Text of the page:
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Wednesday, April 24, 2024

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Cape May Dismisses Convention Hall Suit

Convention Hall

By Vince Conti

CAPE MAY – After almost five years and $448,000 in paid fees, Cape May dismissed its lawsuit against a group of construction, engineering, and architectural firms involved in building Convention Hall.
The suit, filed in 2016, four years after the building opened, accuses the firms of negligence by effectively building the structure or portions of it below FEMA guidelines for a building that close to the ocean.
At the Cape May City Council meeting May 5, a resolution was on the agenda, authorizing settlement and dismissal of the case. The resolution was adopted unanimously.
The suit was filed in the same year that former Mayor Edward Mahaney lost his bid for reelection to current Mayor Clarence “Chuck” Lear, who took office in January 2017.
How did the city end up spending nearly half a million dollars on a lawsuit it is now unanimously willing to walk away from?
The New Convention Hall
The building opened Memorial Day 2012. There was a rush to open the building at the symbolic beginning of summer. Since some work still needed completion, the structure opened without a permanent Certificate of Occupancy.
The 20,000 square foot structure, costing the city $10.5 million, also did not receive flood insurance shortly after opening. Although some forms of insurance were arranged through the Joint Insurance Fund Municipal Excess Liability program, adequate insurance coverage was an issue at the Nov. 20 City Council meeting.
The problem with that timing is that in October 2012, Hurricane Sandy struck the Jersey Shore. In advance, the city constructed a protective dune to shield the new building, and it rode out Sandy, without sustaining damage.
The insurance issue developed, and so did the projected costs. The immediate post-Sandy world was not the best environment to be negotiating flood insurance coverage for a beachfront building.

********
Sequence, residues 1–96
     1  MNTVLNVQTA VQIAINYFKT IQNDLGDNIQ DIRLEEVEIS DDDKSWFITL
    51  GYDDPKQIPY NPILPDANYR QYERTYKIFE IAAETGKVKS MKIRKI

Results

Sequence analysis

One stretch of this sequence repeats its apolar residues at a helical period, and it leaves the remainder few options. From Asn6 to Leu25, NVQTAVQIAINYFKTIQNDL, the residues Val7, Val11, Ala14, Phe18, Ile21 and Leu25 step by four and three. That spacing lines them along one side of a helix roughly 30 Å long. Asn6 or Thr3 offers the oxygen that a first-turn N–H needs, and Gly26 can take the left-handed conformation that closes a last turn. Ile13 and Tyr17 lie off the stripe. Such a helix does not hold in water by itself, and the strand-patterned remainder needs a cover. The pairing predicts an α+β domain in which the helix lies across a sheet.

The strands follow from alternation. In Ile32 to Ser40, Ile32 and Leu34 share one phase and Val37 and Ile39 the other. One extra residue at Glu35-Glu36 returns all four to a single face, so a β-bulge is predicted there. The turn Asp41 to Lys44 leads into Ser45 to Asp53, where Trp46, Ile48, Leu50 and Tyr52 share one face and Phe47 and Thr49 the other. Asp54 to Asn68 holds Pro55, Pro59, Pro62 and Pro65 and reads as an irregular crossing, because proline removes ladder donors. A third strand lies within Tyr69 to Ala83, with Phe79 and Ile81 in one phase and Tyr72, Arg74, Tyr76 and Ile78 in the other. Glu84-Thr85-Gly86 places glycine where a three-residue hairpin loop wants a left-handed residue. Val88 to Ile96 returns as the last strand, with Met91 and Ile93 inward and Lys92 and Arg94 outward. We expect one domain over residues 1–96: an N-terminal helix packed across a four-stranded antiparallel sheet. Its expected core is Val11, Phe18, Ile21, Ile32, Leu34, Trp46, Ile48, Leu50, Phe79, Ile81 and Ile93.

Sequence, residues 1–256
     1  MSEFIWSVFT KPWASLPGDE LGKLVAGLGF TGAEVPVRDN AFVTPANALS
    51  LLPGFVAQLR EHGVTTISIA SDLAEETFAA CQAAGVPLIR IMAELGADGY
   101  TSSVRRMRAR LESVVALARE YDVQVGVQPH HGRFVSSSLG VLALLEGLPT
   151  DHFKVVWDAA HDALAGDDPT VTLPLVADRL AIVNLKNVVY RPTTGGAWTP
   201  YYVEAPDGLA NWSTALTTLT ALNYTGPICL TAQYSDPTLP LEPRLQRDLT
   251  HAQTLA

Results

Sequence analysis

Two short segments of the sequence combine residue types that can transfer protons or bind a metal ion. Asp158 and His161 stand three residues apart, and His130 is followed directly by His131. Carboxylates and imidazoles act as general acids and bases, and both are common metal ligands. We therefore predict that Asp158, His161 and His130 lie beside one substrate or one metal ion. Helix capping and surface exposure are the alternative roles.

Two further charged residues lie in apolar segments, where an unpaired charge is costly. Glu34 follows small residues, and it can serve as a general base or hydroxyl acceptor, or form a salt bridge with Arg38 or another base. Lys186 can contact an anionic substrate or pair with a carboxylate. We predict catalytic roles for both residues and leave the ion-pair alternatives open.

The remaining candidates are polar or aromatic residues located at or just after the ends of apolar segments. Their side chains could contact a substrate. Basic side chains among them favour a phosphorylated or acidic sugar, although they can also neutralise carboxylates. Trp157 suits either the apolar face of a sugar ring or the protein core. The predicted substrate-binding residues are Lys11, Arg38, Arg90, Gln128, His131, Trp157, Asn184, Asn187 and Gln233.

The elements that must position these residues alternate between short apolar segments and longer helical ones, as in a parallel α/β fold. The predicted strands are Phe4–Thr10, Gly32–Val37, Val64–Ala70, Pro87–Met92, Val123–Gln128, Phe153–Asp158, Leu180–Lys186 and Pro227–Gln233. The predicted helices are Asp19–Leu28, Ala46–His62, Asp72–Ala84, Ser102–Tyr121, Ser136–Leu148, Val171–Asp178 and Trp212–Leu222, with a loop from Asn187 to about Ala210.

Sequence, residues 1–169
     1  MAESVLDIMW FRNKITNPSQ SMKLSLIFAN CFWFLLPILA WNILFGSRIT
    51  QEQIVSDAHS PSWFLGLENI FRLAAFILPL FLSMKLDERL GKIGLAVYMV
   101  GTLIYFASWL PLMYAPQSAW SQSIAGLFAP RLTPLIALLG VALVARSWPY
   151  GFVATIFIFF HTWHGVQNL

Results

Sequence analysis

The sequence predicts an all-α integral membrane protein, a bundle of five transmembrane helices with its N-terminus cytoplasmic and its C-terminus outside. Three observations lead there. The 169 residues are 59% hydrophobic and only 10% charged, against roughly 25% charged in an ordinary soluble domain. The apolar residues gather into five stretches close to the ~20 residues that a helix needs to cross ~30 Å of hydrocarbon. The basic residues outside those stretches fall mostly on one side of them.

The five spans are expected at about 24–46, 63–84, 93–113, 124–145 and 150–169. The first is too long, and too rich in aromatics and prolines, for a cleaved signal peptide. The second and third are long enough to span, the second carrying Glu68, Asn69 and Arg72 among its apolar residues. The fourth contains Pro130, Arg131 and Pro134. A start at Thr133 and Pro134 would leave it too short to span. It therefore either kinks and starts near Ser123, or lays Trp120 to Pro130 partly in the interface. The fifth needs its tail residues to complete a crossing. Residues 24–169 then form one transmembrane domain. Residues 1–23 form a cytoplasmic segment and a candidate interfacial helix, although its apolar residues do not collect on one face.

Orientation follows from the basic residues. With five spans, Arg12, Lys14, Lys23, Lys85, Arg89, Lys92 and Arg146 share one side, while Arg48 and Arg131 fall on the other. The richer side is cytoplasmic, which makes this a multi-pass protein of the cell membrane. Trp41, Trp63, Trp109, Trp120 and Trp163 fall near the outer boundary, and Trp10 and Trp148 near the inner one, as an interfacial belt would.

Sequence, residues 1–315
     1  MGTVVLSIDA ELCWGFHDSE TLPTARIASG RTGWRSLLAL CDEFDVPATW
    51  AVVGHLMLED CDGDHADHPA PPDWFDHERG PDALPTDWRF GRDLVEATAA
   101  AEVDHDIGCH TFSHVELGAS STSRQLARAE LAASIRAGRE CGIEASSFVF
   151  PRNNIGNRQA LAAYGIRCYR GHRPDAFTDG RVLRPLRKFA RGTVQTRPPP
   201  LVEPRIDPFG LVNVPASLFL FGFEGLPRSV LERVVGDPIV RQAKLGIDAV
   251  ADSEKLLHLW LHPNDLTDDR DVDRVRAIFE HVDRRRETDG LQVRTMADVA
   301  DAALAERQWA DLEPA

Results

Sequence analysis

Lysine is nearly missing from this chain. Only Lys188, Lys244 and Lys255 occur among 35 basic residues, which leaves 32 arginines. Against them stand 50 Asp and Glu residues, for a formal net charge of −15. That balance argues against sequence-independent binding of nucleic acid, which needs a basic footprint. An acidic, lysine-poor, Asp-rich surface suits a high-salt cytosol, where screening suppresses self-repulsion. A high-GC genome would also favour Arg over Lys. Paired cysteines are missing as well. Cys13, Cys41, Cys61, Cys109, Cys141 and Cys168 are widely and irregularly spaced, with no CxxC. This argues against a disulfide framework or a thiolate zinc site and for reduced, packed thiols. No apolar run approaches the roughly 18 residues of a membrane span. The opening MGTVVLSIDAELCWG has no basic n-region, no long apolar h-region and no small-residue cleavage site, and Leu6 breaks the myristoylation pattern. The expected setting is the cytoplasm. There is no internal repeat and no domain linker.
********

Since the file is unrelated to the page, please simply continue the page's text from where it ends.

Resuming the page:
At the Nov. 20, 2012, meeting, a resolution passed, authorizing the mayor to execute a series of documents piecemealing insurance coverage from multiple sources. The cost mentioned at the meeting, totaling $82,755, was a hefty premium.
Public comment at the meeting was critical, as former Mayor Jerry Gaffney called the plan “unwise.” Others, including current Deputy Mayor Patricia Hendricks, said the city was stonewalling when it refused to release the flood elevation certificate.
By 2015, a move to recall Mahaney failed to gain sufficient signatures. One of the charges in the recall effort was that Mahaney presided over the “disastrous construction of Convention Hall.”
The following year, the city filed its lawsuit. It stated the negligence of the companies involved in the building’s construction caused the city to pay higher flood insurance premiums than it otherwise would have had to pay. The suit outlived the Mahaney administration, and it has existed under the Lear administration for over three years.
Did the city cause the building to be built too low when it put in the pilings before the outside firms initiated construction? Did the firms not realize the elevation requirements for the building, exposing the city to high annual insurance payments?
Dismissing the Suit
The May 5 resolution states the city is dismissing the case because “substantial discussion and negotiation with FEMA” has resulted in “confirmation from FEMA that the Hall is compliant as currently constructed.”
The resolution goes on to say that the last remaining issue concerning flood insurance payments is not worth continued litigation. The special council handling the litigation for the city advised that “the cost of litigating that claim to conclusion would far outweigh the value of that claim.” The council decided “the best interests of the city would be served by accepting the FEMA assurances, and consenting to the dismissal of its lawsuit.”
There was no word, if any, on what changed, regarding FEMA standards. Nothing was said about why it turned out that the Hall was compliant after substantial discussions.
Did the city spend $448,000 litigating over a building that was always compliant? Is there any import to the statement that the city is “accepting FEMA’s assurances?”
Whatever the lingering questions may be, the lawsuit has ended. It remains uncertain if the insurance premiums will decrease.
City Solicitor Frank Corrado responded to a question on that issue by saying that the city can take the results of its FEMA discussion to its insurance carrier and see if the carrier is willing to lower the premiums.
To contact Vince Conti, email vconti@cmcherald.com.

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